The issuer must use a platform for the offering that is either a registered broker dealer or a "funding portal" (a digital platform) registered with the SEC and with a regulatory body of which the only one at present is the Financial Industry Regulatory Authority (FINRA). The issuer can communicate with investors and potential investors only by means of the one platform used for the offering. If the issuer wants to bring in investors through its own website, that website can only direct interested parties to the platform on which the offering information is available.

If a material event occurs during the offering period (for example, a major change in a film script, a commitment by a director or principal cast member, engaging a foreign sales agent or making a distribution deal), it must notify all investors by email and give them a chance to withdraw their commitment.

In general, investors who have made a commitment can withdraw it for any reason or no reason up to 48 hours before the offering closes and the money can be used. The issuer must use an escrow agent to handle funds until the closing.

A platform has an obligation to monitor the registration and transfer of securities, a cost that will be passed along to the issuers using the platform. This obligation on a platform does not apply if an issuer uses a transfer agent registered with the SEC, so some platforms may not even be willing to undertake the monitoring obligation unless the issuer uses such a transfer agent (an additional annual cost to the issuer).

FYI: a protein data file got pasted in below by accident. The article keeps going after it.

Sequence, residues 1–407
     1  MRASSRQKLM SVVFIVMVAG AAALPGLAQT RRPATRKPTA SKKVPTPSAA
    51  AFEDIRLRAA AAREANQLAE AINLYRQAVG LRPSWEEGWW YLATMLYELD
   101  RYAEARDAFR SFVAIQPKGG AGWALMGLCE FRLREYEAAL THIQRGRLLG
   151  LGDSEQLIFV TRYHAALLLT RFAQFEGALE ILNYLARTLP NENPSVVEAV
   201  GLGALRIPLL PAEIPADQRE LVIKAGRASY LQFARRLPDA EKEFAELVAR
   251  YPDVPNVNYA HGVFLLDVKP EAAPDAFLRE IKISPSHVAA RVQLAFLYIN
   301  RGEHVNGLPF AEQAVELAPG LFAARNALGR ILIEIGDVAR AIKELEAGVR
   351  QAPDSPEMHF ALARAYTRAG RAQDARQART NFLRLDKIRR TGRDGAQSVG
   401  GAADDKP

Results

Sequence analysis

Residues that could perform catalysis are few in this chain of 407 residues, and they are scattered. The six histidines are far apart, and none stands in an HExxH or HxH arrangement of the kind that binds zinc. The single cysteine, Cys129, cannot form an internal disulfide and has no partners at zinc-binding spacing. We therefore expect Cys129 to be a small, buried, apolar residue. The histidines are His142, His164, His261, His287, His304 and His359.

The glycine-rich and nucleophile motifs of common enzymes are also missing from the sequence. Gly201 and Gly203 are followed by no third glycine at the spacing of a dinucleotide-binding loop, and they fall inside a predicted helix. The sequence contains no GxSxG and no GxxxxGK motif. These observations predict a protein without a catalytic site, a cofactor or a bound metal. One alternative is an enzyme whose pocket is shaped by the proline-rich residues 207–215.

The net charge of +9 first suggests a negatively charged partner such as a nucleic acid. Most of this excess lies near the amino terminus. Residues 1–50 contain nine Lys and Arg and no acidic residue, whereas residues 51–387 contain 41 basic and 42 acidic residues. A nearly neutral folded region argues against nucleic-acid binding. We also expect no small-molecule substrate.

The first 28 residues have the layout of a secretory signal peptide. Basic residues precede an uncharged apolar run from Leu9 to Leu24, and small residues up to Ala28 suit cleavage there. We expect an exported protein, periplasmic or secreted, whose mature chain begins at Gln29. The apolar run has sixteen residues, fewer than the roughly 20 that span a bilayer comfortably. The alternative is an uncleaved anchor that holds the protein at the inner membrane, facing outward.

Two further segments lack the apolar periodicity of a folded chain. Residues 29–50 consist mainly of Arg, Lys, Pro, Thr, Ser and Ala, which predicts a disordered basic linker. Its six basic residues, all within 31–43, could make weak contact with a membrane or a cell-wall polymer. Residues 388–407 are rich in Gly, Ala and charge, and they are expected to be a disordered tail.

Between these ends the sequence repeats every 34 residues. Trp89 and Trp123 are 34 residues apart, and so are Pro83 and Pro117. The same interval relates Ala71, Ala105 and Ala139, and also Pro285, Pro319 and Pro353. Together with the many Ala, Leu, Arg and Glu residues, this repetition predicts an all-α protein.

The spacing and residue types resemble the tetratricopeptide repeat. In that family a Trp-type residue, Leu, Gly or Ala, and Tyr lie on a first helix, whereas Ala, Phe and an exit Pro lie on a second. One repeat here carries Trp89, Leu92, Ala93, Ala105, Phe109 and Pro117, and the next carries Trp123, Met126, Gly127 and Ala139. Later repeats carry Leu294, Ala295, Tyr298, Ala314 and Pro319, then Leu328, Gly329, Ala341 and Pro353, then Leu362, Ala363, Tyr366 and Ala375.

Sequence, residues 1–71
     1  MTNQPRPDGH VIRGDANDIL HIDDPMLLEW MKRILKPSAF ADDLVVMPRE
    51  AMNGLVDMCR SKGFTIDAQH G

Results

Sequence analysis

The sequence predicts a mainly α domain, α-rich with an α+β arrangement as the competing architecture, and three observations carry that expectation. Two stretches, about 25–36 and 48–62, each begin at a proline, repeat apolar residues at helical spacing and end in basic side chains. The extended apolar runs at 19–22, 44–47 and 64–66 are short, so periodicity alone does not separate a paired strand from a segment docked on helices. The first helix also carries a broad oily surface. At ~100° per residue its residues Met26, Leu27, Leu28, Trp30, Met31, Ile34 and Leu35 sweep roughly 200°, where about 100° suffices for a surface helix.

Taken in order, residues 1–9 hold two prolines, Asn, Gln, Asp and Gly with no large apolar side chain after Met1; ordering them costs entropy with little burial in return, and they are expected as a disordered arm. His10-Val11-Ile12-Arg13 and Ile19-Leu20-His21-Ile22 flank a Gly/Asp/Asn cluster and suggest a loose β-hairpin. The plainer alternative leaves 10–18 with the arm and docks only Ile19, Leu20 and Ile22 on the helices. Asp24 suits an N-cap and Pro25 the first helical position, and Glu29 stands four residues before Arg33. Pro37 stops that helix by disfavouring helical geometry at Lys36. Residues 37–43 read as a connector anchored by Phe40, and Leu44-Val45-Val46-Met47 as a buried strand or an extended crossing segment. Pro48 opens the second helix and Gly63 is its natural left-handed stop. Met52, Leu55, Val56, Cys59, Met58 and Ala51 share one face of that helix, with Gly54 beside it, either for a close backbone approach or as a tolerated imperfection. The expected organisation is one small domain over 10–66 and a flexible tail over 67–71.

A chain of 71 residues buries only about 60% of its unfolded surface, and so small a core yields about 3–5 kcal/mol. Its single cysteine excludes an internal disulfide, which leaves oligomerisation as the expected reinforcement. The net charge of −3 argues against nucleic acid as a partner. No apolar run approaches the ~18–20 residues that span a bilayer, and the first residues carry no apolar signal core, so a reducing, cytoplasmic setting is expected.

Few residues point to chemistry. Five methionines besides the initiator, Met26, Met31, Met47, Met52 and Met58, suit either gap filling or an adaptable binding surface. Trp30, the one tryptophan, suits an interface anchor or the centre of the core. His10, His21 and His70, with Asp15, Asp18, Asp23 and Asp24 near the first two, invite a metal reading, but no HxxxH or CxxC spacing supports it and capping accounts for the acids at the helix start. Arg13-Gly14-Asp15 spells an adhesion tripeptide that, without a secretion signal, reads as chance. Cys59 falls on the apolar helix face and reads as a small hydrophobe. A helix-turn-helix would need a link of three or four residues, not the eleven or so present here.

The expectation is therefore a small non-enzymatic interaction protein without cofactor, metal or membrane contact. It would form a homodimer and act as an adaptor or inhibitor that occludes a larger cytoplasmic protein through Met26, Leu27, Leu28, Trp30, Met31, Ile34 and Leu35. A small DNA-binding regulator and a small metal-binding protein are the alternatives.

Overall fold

Because an Internet offering reaches a worldwide audience, issuers also need to be aware of foreign securities law requirements before they accept an offer to subscribe from a potential investor outside the United States (as is true for the other two Internet offerings authorized by SEC regulations).

Investor Limitations

Investors cannot invest more than $100,000 a year in all offerings under Regulation CF. (Note that this limitation does not apply to investments by a non-accredited investor under a Regulation A Internet offering.) In addition, there are limits on what an investor can invest based on annual income or net worth, both calculated together with a spouse or significant other if applicable:

  • If either annual income or net worth is less than $100,000 a year, the maximum that can be invested with an issuer is the greater of $2,000 or 5% of the lesser of annual income or net worth (and subject to the overall cap of $100,000 a year); or
  • If both annual income and net worth are $100,000 or over, then 10% of the lesser of annual income or net worth (and subject to the overall annual $100,000 cap).